Live in These Two Cities? Then You're Paying Too Much For AT&T's Fiber Service

By Markets Fool.com


Source: AT&T.

Continue Reading Below

AT&T is busy rolling out its GigaPower fiber Internet service in more cities across the U.S., and just added Cupertino, Calif., to the list. With speeds up to 1 gigabit per second, AT&T's fiber customers are likely a happy bunch. That is, unless some of them start comparing their bills to others across the country.

Here's what you'll pay each month for AT&T's ultra-fast fiber Internet in the seven cities in which it is available:

City

Price for 1Gbps

Austin

$70

Kansas City

$70

Raleigh-Durham

$70

Winston-Salem

$70

Fort Worth

$70

Dallas

$110

Cupertino

$110

Source: AT&T and Wall Street Journal..

The Wall Street Journal recently reported that until last month, AT&T was charging $110 per month in Raleigh-Durham and Winston-Salem, and it just dropped its Dallas price from $120 to $110.

Continue Reading Below

So why does AT&T charge more in some cities, and why has it dropped the price in others? It all comes down to competition. In most of the cities with the lowest GigaPower prices -- including Austin, Kansas City, and Raleigh-Durham -- Google Fiber is either available (for just $70 per month) or coming soon. Before Google Fiber arrived, AT&T could charge higher prices, and usually did.

Matching the competition, sort of
This speaks to the impact Google Fiber is already having in the Internet marketplace, and it's not just changing how AT&T does business. Time Warner Cable and Comcast have both increased their Internet speeds in cities that offer GoogleFiber, while keeping prices the same.


Source: Google.

Though AT&T is matching Google's pricing and speed, there's one major difference between the two. AT&T charges more money (up to $29 per month) in addition to the base Internet bill if users opt out of allowing AT&T to closely track the search terms, Web pages, and other browsing data that they create. So for customers who want fast Internet speeds without overly intrusive tracking (Google tracks user behavior, but not to the same degree), then GigaPower's base $70 or $110 per month price isn't reflective of the total cost.

One problem and one opportunity
All of this demonstrates the need for more competition for ultra-fast high speed Internet. AT&T offers better services at reduced prices where Google Fiber is available, and as Google's Internet ambitions increase, hopefully that will continue.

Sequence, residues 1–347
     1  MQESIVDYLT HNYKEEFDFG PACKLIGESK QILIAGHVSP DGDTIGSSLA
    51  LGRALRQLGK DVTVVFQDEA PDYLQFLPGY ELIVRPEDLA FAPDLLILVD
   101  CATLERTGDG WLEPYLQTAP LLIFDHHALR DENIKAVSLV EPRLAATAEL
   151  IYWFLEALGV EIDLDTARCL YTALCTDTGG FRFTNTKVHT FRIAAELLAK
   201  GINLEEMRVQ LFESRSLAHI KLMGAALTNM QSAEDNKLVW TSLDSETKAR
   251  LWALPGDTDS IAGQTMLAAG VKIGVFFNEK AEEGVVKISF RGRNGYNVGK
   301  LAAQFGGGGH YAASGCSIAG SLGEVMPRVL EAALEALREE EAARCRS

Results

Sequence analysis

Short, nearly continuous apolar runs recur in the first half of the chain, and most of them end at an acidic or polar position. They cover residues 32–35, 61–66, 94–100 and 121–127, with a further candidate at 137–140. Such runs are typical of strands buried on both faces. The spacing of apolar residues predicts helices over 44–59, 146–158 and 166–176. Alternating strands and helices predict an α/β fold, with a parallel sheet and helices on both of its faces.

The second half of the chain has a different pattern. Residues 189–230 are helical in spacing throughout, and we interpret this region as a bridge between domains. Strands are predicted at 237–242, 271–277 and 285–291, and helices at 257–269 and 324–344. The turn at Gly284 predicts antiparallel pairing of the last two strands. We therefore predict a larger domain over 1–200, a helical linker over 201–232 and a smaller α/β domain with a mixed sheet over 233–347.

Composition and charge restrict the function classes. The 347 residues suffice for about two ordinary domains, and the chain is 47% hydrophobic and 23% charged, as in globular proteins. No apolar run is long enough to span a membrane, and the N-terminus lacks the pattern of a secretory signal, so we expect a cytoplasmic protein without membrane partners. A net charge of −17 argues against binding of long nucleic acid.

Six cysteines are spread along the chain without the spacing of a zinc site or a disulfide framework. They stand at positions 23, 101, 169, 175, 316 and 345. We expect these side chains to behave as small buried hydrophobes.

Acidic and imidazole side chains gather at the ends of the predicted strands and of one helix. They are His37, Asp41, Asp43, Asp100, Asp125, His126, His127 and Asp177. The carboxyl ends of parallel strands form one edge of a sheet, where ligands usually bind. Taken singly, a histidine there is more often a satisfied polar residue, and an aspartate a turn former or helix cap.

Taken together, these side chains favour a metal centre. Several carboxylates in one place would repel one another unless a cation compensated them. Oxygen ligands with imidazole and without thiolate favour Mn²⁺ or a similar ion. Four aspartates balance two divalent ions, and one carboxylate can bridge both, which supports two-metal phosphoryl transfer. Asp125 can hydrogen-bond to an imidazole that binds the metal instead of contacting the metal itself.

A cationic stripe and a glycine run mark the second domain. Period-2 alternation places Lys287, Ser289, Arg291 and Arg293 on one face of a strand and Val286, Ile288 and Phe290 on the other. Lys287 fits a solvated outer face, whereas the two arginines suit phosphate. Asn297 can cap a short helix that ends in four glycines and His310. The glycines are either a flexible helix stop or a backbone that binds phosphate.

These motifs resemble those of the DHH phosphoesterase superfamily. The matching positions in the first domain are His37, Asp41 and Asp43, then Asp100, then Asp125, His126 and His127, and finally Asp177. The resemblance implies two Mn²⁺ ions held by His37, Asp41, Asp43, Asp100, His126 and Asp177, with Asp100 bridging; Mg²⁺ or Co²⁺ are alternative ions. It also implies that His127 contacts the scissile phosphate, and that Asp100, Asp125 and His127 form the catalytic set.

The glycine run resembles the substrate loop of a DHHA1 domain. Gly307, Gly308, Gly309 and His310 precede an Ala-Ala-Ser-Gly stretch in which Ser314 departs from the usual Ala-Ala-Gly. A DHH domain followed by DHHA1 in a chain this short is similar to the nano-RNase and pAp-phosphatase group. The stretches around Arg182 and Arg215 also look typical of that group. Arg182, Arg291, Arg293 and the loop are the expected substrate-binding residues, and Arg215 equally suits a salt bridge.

Before Google Fiber came around, AT&T charged up to 60% more in some cities for its gigabit Internet than it does now. While it's only charging that $110 price in two cities right now, I can't imagine the company thinks this is a good long-term strategy for fiber growth. Internet service providers already offer the worst customer experience, according to Temkin Group, and charging high prices until Google arrives is a terrible strategy.

AT&T's 1Gbps speed is only offered in seven cities around the country, so it's not as if the company is financially dependent on the service. But if AT&T continues its fiber expansion, along with Google, then it will likely have to keep its GigaPower price fixed at $70 in every city, and consider backing off the additional $29 privacy charge.

AT&T is aggressively rolling out fiber options across the country. If it can get the pricing right, before Google comes to town, then it could collect huge payoffs. The U.S. lags many other developed countries in terms of Internet speed and price, and AT&T has the opportunity to become the leading provider for a market that is hungry for ultra-fast, reasonably priced Internet. That is, if Google doesn't get there first.

The article Live in These Two Cities? Then You're Paying Too Much For AT&T's Fiber Service originally appeared on Fool.com.

Chris Neiger has no position in any stocks mentioned. The Motley Fool recommends Google (A shares) and Google (C shares). The Motley Fool owns shares of Google (A shares) and Google (C shares). Try any of our Foolish newsletter services free for 30 days. We Fools may not all hold the same opinions, but we all believe that considering a diverse range of insights makes us better investors. The Motley Fool has a disclosure policy.